Nissan Patrol V6

Less than 8

"Could a V6 really beat a V8?" said Hisham.

"The gear ratios are shorter so the torque is always available."

"The BOSE sound system gives out a great acoustic quality, and on the high-resolution touchscreen everything is clear and the colors are vivid and lucid."

"100 kg were lost, of which 69 of them came from the engine alone with two missing cylinders."

When I heard that Nissan installed a V6 instead of a V8 in their new Patrol I was a bit concerned because a car that weighs 2 tons needs every single horsepower to pull it through country roads and help it overcome tricky situations - so it could still carry on the unbeatable Patrol legacy.

Combining excellent off-road capabilities and complete comfort and practicality for long journeys makes the car desirable in a lot of ways. I had already test driven the V8 engine in Dubai some time ago, blasting through sand dunes and conquering the desert in a civilized monster surrounded by leather and fancy trims. It made it look almost effortless.

My trip began when I arrived to Muscat airport and there, waiting for us, was a Nissan Patrol NISMO to take us to Jabal Akhdar where the whole experience would take place. It's a two and a half hour drive, so I had plenty of time to get familiar with the SUV. The NISMO looks very aggressive from the front and rear with the extended spoilers and red insertions that spread out in the bumpers and the air inlets. From the inside you find leather all over the cabin (alcantara), and high-end dark wood makes the interior seem special and expensive. I must say though, that too many materials were used to complete the inside of the vehicle; alcantara and wood on the steering wheel with a red circle in the center is too much and makes it look like Nissan is trying too hard to increase maybe the deluxe aspect of the car. The seats are very comfortable and provide the passenger with great support. Built-in DVD players in the headrests for the rear travelers and a seat ventilation option for the front seats gives the Patrol a nice environment.

After two and half hours of driving we arrived to the Alila resort in Jabal Akhdar, over 2,000 meters above sea level. The sight was unbelievably beautiful. Dark stones made the outside of the villas where we were staying the night. The weather was nice and a light breeze helped cool down the desert heat. A brief and a press conference awaited us to further develop our knowledge of the automobile. We are used to engine downsizing with turbocharging, but it's not the case with Nissan where the decrease from a 320 horsepower V8 to a 275 horsepower V6 without a turbo to compensate that loss of horsepower is what's making me a little doubtful of the capabilities of the Patrol. But, I had to wait and test the real performance so I could judge objectively. 100 kg were lost, of which 69 of them came from the engine alone with two missing cylinders (although you cannot really tell the difference because of the massive load the car is carrying).

First thing in the morning I took the car for a little drive and immediately detected the torque increase from the V6 and the two extra gears - now you have a seven-speed auto, instead of the five-speed in the previous model. The gear ratios are shorter so the torque is always available but you have to be in a low gear to keep the rpm near the red zone and in the torque zone. I didn't get the chance to go off-road to test its capabilities, but I am sure it will be the same as the V8, especially with the new gearbox. Driving modes are still selectable with the differential lock system that ensures that you keep going, particularly in snowy situations and sand trails. New trims and levels are now available for a desert package that also enlarges the options availability and possibly addresses more consumers. The Patrol's direct competitor, the Land Cruiser, is very well-equipped and has a tricked out four-wheel drive system.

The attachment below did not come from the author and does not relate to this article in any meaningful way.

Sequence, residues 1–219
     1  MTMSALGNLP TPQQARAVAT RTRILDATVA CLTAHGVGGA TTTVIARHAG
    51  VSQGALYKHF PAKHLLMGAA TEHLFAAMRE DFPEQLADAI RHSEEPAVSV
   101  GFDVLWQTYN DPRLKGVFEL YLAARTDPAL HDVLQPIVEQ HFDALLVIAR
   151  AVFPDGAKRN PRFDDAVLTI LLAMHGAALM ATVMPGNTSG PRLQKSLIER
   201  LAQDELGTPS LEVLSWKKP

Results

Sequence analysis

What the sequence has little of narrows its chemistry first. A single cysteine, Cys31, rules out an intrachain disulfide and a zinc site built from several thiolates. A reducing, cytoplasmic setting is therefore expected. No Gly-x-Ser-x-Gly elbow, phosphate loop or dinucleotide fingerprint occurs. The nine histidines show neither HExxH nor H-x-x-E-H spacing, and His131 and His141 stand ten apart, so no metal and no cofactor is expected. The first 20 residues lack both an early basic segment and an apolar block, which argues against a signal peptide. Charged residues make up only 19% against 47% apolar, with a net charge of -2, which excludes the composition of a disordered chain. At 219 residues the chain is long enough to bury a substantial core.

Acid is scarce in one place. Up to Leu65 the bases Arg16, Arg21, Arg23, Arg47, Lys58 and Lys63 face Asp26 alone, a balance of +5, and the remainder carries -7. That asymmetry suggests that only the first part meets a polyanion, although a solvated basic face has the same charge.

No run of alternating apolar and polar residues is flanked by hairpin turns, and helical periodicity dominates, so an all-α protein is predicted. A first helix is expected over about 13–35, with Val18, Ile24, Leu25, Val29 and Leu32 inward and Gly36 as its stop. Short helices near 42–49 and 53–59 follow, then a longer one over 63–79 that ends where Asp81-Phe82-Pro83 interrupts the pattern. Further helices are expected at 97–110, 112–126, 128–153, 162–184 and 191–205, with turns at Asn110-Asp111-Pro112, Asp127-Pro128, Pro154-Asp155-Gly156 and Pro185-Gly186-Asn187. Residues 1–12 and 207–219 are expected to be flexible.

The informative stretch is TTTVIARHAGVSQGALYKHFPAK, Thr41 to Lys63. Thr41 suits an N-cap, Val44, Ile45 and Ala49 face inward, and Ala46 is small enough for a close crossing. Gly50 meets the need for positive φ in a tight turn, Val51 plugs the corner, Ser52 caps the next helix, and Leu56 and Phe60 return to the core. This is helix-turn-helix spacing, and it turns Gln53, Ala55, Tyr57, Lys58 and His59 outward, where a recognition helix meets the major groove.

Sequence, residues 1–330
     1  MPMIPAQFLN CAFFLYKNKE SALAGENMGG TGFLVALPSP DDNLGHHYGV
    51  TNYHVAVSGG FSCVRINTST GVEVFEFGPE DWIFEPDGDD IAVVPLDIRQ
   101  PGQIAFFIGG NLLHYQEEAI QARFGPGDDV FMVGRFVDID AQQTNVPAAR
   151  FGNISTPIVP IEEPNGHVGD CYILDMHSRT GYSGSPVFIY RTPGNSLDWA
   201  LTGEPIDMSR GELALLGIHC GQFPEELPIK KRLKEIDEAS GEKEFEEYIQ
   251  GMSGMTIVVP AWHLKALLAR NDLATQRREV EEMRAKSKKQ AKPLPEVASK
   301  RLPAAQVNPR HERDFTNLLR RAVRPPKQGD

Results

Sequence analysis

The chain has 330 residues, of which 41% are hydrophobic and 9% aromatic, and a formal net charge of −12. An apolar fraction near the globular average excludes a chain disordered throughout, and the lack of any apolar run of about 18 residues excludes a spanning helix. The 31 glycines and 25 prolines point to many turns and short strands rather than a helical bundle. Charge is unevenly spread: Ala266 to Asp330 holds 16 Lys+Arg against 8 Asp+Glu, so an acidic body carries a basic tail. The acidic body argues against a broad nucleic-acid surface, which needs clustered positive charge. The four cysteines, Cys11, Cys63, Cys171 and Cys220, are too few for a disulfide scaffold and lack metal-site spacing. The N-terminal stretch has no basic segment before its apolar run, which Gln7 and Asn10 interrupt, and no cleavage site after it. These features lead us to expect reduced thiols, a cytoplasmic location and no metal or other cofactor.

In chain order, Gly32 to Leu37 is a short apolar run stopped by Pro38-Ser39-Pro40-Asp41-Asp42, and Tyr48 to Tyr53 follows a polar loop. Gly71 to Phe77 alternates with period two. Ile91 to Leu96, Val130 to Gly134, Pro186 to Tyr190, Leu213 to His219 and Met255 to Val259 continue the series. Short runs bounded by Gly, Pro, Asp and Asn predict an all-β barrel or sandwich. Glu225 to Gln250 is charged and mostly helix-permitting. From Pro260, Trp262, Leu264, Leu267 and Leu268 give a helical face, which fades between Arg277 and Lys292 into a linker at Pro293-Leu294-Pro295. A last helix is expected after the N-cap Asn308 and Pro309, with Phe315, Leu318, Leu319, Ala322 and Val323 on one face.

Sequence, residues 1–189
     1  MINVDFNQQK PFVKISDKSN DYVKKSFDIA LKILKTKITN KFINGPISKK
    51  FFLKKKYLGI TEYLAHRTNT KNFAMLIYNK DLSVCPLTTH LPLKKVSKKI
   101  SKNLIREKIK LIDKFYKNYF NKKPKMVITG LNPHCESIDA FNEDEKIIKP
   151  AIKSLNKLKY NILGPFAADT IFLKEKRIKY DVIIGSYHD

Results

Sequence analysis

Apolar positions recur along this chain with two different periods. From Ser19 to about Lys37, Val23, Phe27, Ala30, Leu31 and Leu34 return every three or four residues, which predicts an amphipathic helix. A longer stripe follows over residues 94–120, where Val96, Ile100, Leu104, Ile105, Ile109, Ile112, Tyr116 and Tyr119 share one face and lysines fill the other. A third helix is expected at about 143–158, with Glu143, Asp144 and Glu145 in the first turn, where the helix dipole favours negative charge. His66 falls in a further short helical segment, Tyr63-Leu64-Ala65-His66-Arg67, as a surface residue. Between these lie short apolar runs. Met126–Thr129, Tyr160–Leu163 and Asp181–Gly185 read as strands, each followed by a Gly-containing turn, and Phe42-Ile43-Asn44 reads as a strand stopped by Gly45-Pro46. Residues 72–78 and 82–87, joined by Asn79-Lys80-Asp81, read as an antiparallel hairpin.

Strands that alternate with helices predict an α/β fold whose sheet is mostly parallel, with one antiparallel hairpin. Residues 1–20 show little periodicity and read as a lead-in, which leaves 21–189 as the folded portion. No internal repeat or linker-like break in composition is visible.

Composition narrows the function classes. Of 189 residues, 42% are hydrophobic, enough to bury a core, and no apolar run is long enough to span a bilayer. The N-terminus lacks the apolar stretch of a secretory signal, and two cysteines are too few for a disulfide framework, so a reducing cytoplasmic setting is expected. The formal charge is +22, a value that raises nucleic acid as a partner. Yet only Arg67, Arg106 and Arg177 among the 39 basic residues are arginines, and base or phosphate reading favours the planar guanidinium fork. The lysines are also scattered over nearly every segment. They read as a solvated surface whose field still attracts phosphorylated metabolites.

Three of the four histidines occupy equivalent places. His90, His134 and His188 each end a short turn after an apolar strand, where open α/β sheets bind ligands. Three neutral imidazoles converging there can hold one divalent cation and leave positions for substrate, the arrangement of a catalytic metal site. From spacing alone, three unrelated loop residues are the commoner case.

So, the Patrol had a lot to live up to. To really experience the on-road potential, we drove ourselves back to the airport with the V6 Nissan. At low speeds and slow tracks the performance is fine but when traveling at speeds over 100 km/h, the engine lacks the punch of the V8. When I put my foot down in fourth gear while overtaking someone, I felt that I needed more power to push me forward and I immediately detected the need for extra muscle to make it faster. As for comfort, luxury and optional equipment, I found that everything is there to make my drive as pleasant as possible. I have to say that the BOSE sound system gives out a great acoustic quality, and on the high-resolution touchscreen everything is clear and the colors are vivid and lucid.

It's a good thing that Nissan decided to keep the 5.6-liter 400 horsepower V8, available for its more demanding customers. If you think like me, big SUV's need big powerful engines to cope with their weight and the rough conditions that the car will be asked to deliver in hostile environments and tough positions.

Pros: Improved seven-speed gearbox, high torque at low rpm
Cons: V6 needs forced induction
Rivals: Toyota Land Cruiser, Mercedes-Benz GL Class, Range Rover Sport
one word: capable
3.5 stars

Engine: 4.0L V6, 275 hp @ 5,600 rpm, 395 Nm @ 4,000 rpm
7-speed automatic gearbox, 4WD with locking differentials
0-100 km/h: 11.4 sec, top speed: 205 km/h, fuel consumption: 10.8 L/100 km
Weight: 2,500 kg

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